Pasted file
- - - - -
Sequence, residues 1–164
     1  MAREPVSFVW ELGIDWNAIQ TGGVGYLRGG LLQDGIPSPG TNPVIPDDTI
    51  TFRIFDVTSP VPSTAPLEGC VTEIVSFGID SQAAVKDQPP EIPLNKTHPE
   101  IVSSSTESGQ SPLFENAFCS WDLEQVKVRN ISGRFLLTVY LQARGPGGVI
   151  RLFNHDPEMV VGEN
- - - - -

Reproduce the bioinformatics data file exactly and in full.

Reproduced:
Sequence, residues 1–164
     1  MAREPVSFVW ELGIDWNAIQ TGGVGYLRGG LLQDGIPSPG TNPVIPDDTI
    51  TFRIFDVTSP VPSTAPLEGC VTEIVSFGID SQAAVKDQPP EIPLNKTHPE
   101  IVSSSTESGQ SPLFENAFCS WDLEQVKVRN ISGRFLLTVY LQARGPGGVI
   151  RLFNHDPEMV VGEN